Picture FEAR AND LOATHING IN LAS VEGAS but with an AMERICAN PSYCHO/QUENTIN TARANTINO bent. Maybe with a Rob Zombie soundtrack. If that sounds appealing to you, pick up this book. You'll probably enjoy it. If you're looking for something that doesn't resemble a "bad trip", look elsewhere.
Nathan T. Rex is a film producer. He used to move in the highest circles but his last film was an overbudgeted flop, and all of Hollywood is moving in to pick at his career's wizened corpse after his fall from grace.
Rex is determined not to fail, though, and with a little help from his friends (and a shit-ton of drugs), he decides he's going to make an epic film about a presidential serial killer. And who better to act as star and consultant in said film than an actual serial killer?
THE AUTEUR had some interesting ideas but I was not really fond of the story or the way it was told. I'm not a fan of violence, especially splatterpunk. I feel like if people have to die in a comic book (or even a regular book) there ought to be a reason, and that reason should not begin and end with "Because."
Also, the main character was such a misogynist that I just couldn't reach any sort of rapport with him. He was a sleazy scumbag of a character who said some evil things about women, and when he attempts to get the serial killer off the murder charges he basically said that they were so stupid and slutty that they deserved to be killed because the serial killer was doing the world a favor.
Most of the requests are pretty straight forward. Towels, food of all kinds--everything ranging from spam to brie. Lots of alcohol. Coffee. Tea. Vitamin supplements. Honey. Things you would expect. Some of the artists allowed for a buy-out--if the venue did not wish to provide food, they would provide a certain amount of cash for the artists to buy food for themselves.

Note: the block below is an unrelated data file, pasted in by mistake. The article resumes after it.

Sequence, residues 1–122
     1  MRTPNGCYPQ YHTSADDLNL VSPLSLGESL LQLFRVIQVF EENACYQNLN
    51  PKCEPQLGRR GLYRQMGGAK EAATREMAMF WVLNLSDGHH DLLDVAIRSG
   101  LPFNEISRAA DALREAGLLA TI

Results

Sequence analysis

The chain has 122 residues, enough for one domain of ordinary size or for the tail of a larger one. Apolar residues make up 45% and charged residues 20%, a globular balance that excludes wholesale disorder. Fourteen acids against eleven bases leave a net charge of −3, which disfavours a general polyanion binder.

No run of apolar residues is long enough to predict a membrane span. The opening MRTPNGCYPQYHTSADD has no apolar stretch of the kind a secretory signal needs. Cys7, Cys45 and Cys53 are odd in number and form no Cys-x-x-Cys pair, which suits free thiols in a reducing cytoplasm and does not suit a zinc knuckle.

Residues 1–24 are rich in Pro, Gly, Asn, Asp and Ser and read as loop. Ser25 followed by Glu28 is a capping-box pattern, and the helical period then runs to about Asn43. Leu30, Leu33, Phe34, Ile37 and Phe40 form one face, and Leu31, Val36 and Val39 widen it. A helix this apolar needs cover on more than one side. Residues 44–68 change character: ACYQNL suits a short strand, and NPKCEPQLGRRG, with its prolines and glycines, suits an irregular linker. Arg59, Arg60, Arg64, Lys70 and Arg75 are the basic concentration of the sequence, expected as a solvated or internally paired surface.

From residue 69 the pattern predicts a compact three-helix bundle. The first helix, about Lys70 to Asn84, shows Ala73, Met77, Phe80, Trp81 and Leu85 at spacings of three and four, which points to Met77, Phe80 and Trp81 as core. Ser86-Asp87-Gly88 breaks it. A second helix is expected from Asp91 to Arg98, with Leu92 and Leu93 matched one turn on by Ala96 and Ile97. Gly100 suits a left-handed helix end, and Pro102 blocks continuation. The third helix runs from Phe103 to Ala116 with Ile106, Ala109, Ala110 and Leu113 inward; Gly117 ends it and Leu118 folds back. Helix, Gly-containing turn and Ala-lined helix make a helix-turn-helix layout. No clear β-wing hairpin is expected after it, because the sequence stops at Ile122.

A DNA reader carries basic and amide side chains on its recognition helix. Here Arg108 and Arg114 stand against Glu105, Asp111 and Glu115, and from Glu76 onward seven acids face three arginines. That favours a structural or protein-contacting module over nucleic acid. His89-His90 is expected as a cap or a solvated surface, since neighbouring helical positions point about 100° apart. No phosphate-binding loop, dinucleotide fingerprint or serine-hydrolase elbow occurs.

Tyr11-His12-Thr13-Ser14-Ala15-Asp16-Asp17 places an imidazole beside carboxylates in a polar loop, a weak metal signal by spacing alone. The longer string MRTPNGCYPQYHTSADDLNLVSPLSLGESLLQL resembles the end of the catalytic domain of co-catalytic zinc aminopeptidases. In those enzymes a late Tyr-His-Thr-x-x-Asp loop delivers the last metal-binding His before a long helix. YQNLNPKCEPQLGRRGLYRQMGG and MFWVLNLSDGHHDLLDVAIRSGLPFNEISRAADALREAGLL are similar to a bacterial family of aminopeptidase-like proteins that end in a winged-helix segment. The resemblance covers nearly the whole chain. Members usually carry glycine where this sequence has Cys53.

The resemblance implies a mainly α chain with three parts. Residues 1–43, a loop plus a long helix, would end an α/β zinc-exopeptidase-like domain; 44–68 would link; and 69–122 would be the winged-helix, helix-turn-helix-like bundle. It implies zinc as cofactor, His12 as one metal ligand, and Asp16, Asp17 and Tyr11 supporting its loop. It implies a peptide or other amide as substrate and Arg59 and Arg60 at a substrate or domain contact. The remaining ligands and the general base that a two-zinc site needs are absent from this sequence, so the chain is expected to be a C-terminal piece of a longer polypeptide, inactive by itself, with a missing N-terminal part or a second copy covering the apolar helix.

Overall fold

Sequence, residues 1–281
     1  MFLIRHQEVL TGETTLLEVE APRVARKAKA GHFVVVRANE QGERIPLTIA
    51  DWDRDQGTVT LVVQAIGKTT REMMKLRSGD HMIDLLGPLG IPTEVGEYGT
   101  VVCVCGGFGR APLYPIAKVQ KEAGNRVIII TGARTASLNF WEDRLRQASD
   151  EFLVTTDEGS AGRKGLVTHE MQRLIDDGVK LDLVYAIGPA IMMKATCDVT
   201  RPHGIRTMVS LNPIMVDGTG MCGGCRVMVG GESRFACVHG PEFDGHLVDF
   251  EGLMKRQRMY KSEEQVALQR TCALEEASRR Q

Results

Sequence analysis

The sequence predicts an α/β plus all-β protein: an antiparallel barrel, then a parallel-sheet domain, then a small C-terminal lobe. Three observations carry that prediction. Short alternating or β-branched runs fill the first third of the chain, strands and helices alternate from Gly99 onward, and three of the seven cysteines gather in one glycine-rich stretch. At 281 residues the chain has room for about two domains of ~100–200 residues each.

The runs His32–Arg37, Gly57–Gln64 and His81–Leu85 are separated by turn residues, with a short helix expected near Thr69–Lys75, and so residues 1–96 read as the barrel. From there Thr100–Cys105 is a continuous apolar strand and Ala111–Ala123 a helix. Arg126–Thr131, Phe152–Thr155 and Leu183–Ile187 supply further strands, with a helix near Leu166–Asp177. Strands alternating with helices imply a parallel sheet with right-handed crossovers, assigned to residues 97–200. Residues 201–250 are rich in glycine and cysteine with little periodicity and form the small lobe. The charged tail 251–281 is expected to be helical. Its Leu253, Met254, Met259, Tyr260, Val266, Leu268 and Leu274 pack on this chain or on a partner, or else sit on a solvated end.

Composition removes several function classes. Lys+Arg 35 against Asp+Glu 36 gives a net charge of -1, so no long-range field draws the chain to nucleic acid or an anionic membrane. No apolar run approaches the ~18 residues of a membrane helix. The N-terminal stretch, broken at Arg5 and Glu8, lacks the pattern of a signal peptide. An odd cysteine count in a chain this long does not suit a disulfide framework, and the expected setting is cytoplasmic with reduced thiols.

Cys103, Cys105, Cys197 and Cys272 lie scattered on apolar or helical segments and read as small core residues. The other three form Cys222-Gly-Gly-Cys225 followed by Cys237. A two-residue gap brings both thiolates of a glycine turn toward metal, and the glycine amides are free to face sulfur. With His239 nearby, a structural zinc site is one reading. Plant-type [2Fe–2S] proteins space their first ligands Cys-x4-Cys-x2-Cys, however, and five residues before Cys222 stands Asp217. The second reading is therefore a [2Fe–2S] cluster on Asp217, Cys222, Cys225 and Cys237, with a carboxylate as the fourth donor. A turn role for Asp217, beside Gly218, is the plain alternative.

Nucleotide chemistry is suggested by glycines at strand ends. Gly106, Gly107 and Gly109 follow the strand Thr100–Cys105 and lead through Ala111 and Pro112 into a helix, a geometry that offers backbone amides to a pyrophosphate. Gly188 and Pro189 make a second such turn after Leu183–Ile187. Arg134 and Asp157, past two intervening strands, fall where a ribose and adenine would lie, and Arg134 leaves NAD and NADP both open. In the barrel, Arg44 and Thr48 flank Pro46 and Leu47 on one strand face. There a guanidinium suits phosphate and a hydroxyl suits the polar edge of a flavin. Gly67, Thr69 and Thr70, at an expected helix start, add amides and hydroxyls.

I suppose this would be good if you are a die-hard fan of these bands, and are interested in finding out what their favorites kinds of food, alcohol, and bottled waters are. They get very specific.
And then there are the weird requests. Like, Elton John practically demanded an entire living room to be moved back stage (couch, love seat, endtable, and a tea service) so he could take tea. The Eels, at one point, wanted a stuffed Furby and a stuffed Teletubby toy. Goldfrapp asked for a riding crop and/or whip, plus glittery eyelashes in any color except blue. Hal wanted a life-sized Frank Carson cardboard cutout. James Brown wanted an electric golf cart.
Then there are some artists who seem to expect a bit more bang for their buck. For example, Placebo requested a pack of lubricated condoms. They were one-upped by Stereophonics, who asked for "12 extra-large propholactics, 1 local strippergram, 1 hedge trimmer."
Some of the requests were cute and tongue-in-cheek. Amy Winehouse wanted a sign to hang on her door that said "Only Big Boys Can Enter." The Bloodhound Gang wanted "a local magnet of interested" (that's sweet). Yo La Tengo wanted "dressing room walls covered in previous bands' graffiti and drawings of penises (minimum 4), full-color assortment of permanent markers for, oh, no reason." (I see what they did there.) Westlife wanted "dog/band's own Labrador, shot glasses, chess set, 2 inflatable sumo outfits."
The Electric Six's request was pretty disturbing. They wanted a gun (.38 special) with six rounds of .38 ammo. What, exactly, are they planning on doing with that?
I think EXCESS ALL AREAS is interesting from an anthropological approach; it's like looking at all these sociocultural clues that give you an idea of what the band members are like, where they came from, what their background maybe was. It got a bit boring, reading all those lists, though. Most of them were pretty ordinary. There's only so many shopping lists you can read before it gets old, right?